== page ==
This was Coosa Valley Fair week in 1966, with Tuesday being Children’s Day—which meant free admission for all kids and students. The fair was such a big thing in the 1960s that the Rome City School System gave students a half-day off (closing school after lunch) so that they could get to the fair early to take advantage of the reduced prices on all rides and shows before 6 pm. Atlanta Falcons Randy Johnson & Tommy Nobis were signing autographs at the fair on Monday; Officer Don made an appearance on Tuesday; the World’s Strongest Man Paul Anderson presented feats of strength on Wednesday; the Miss Coosa Valley Fair contest took place on Thursday; a fireworks display highlighted the Friday schedule; Bob Brandy did a special show from the fairgrounds on Saturday; and the West Rome Band ended the fair with a concert Saturday evening.
Growth in Rome—particularly in West Rome—was so strong that the Rome City School System was hurting for teachers, with almost two dozen positions unfilled as the first month of school came to an end. The school system was using substitute teachers, retired teachers, and temporary teachers to fill in until permanent staff could be found.
The Chieftains took on the LaFayette Ramblers on September 23rd; while LaFayette’s team was highly ranked, they proved no challenge for the Chiefs, who won the game 25-0. West Rome’s fullback Benny Padgett was chosen Back of the Week for his outstanding performance in the game; he ran the ball 18 times, was credited with 138 net yards, and scored one of West Rome’s touchdowns. As the Rome News-Tribune noted, “Padgett’s only competition for the Back of the Week was fellow Chieftain Roger Weaver, “who rushed for 196 yards and scored twice in the game,” the paper noted. “However, it was Padgett’s all-round play both on offense and defense that earned him the honor.”
An intrepid quartet of burglars broke into four locations on in the wee hours of Friday morning, September 23rd, including the Johnny Reb Food Store at 2209 Shorter Avenue. The burglars hammered their way through two different concrete block walls to break into Johnny Reb—a lot of work for about $50 worth of cigarettes! The four burglaries netted them less than $125 in cash, which seems like a pretty poor payoff for such ambitious criminals. By mid-day Friday, the police already had suspects in custody.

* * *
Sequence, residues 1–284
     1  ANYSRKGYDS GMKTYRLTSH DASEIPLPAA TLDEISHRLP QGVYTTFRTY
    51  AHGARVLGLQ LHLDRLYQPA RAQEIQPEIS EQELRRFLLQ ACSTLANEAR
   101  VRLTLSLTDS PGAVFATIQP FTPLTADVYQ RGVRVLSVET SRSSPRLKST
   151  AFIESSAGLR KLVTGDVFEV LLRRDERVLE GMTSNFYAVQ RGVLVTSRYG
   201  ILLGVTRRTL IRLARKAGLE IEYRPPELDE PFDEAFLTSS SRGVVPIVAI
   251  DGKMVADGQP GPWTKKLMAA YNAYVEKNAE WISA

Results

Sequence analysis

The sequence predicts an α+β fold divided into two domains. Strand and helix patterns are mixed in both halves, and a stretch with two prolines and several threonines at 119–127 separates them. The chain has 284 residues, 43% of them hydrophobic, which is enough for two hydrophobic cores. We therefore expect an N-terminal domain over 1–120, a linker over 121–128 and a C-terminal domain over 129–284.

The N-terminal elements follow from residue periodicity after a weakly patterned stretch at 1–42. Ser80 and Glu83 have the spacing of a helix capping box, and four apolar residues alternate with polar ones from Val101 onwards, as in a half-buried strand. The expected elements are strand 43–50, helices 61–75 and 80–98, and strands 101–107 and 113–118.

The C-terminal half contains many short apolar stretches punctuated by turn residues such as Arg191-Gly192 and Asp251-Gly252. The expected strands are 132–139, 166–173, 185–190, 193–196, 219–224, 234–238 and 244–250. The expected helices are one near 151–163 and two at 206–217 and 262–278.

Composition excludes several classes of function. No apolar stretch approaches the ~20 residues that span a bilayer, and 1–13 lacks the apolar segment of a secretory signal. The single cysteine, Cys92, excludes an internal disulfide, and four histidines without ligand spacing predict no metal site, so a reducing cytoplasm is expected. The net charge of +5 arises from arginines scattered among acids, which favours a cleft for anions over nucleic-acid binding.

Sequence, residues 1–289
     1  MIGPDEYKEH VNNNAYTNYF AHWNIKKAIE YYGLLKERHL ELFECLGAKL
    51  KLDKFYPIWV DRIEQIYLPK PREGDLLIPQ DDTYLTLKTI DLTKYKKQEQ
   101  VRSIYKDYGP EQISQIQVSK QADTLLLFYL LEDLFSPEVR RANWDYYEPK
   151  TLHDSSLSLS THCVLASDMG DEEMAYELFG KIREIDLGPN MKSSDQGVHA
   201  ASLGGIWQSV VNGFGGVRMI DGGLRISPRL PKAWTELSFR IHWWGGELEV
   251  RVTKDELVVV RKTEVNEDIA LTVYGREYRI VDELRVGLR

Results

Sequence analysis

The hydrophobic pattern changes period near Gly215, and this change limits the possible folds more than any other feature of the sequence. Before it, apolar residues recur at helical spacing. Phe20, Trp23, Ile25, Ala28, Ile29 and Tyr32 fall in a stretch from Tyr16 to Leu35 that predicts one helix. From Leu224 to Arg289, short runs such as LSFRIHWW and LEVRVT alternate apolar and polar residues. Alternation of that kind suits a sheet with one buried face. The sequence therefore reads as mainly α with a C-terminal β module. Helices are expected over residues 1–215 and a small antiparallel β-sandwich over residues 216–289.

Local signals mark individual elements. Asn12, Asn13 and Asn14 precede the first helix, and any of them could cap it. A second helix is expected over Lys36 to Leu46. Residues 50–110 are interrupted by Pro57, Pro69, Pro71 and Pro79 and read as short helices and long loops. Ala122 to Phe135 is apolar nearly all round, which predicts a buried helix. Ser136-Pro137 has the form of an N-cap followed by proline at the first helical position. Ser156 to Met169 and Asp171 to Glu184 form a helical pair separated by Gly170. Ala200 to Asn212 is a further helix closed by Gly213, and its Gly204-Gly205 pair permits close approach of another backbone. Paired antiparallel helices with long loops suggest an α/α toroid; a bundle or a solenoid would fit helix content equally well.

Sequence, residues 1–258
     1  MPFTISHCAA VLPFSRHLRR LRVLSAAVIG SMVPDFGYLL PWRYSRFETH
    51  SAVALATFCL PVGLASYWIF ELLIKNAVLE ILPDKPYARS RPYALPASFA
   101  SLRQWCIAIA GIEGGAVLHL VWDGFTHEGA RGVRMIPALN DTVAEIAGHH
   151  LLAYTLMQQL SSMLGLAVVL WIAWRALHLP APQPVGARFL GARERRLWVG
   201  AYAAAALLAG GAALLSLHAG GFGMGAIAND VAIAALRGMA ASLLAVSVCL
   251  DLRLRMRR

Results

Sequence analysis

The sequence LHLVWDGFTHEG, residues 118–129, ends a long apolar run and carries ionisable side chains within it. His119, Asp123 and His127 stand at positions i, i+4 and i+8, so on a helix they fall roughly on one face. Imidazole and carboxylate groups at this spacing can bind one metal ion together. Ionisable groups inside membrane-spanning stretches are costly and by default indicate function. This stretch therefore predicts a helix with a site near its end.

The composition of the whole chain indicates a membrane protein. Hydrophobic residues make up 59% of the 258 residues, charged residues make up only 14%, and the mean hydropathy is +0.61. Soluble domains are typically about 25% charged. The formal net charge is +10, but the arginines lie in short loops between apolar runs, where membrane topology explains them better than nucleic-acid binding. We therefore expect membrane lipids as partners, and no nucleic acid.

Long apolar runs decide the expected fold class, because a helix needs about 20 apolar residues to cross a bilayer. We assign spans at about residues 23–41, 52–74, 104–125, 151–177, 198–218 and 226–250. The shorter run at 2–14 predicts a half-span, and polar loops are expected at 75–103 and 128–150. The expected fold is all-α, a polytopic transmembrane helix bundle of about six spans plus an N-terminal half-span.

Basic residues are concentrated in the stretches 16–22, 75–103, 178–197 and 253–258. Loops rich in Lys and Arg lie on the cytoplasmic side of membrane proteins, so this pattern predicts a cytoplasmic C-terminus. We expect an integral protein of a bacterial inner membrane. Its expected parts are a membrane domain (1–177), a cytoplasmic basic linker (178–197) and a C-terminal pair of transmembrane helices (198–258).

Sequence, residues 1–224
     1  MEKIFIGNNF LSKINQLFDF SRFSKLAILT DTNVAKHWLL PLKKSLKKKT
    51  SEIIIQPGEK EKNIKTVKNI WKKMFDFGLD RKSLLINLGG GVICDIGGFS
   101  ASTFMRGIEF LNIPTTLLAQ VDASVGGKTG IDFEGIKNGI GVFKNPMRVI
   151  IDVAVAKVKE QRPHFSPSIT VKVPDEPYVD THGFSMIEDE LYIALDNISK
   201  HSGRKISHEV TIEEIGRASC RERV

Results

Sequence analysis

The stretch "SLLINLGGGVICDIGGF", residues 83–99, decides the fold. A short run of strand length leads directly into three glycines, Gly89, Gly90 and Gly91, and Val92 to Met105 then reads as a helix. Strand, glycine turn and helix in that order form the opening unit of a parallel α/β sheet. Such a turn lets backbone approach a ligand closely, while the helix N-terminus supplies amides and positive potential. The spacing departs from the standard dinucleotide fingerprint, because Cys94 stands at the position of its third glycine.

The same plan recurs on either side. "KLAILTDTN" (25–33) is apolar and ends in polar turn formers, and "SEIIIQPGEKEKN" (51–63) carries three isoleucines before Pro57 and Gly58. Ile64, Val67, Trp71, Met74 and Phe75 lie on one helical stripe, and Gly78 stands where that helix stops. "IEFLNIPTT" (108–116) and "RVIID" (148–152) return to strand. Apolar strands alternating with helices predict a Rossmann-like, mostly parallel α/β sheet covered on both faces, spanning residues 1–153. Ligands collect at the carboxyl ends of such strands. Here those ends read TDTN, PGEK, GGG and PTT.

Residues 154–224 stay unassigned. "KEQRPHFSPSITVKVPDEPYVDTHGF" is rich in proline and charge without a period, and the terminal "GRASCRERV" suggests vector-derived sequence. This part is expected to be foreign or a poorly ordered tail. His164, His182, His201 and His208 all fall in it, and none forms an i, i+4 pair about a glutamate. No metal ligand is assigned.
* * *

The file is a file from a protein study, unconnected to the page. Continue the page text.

Piggly Wiggly had Coca-Cola, Tab, Sprite, or Fresca (their only four soft drinks fifty years ago!) for 99¢ a case plus deposit, chuck roast for 39¢ a pound, and four pounds of apples for 49¢. Kroger had fresh whole fryers for 29¢ a pound, ten pounds of Domino sugar for 89¢, and cantaloupes for 33¢ each. Big Apple had center cut pork chops for 69¢ a pound, Bailey’s Supreme coffee for 59¢ a pound, and bell peppers for a dime each. A&P had sirloin tip roast for 89¢ a pound, seedless grapes for 15¢ a pound, and a one-pound package of Oreos for 49¢. Couch’s had sirloin steak for 89¢ a pound, 16 ounces of JFG peanut butter for 49¢, and Wesson Oil for 39¢ a half-gallon.
The cinematic week began with Butterfield 8 (with Elizabeth Taylor & Laurence Harvey) at the DeSoto Theater, The Oscar (with Steven Boyd, Elke Sommers, & Milton Berle) at the First Avenue, and a double feature of the Russ Meyer films Motor Psycho (with Haji) and Faster Pussycat Kill Kill (with Tura Satana) at the West Rome Drive-In. The midweek switch-out brought How to Steal a Million (with Eli Wallach & Charles Boyer) to the DeSoto, The Man from UNCLE: One Spy Too Many (with Robert Vaughn & David McCallum) to the First Avenue, and How to Steal a Million (with Audrey Hepburn & Peter O’Toole) at the West Rome Drive-In.
The Association held on to the number one slot for a second week with “Cherish.” Other top ten hits included “You Can’t Hurry Love” by the Supremes (#2); “Beauty Is Only Skin Deep” by The Temptations (#3); “Black is Black” by Los Bravos (#4); “Bus Stop” by the Hollies (#5); “96 Tears” by ? & the Mysterians (#6); “Reach Out I’ll Be There” by the Four Tops (#7); “Yellow Submarine” by the Beatles (#8); “Sunshine Superman” by Donovan (#9); and “Cherry Cherry” by Neil Diamond (#10).
Comics legend Jim Steranko made his Marvel Comics debut on the Nick Fury lead story in Strange Tales #151, on sale this week in 1966. While very little of the Steranko style was evident in that first issue, within a year he would become on of the most distinctive and influential artists in Marvel’s “second wave.” Meanwhile, in the pages of The Adventures of Jerry Lewis #97, the zany comedian met Batman, Robin, and the Joker in a silly tale by Arnold Drake and Bob Oskner.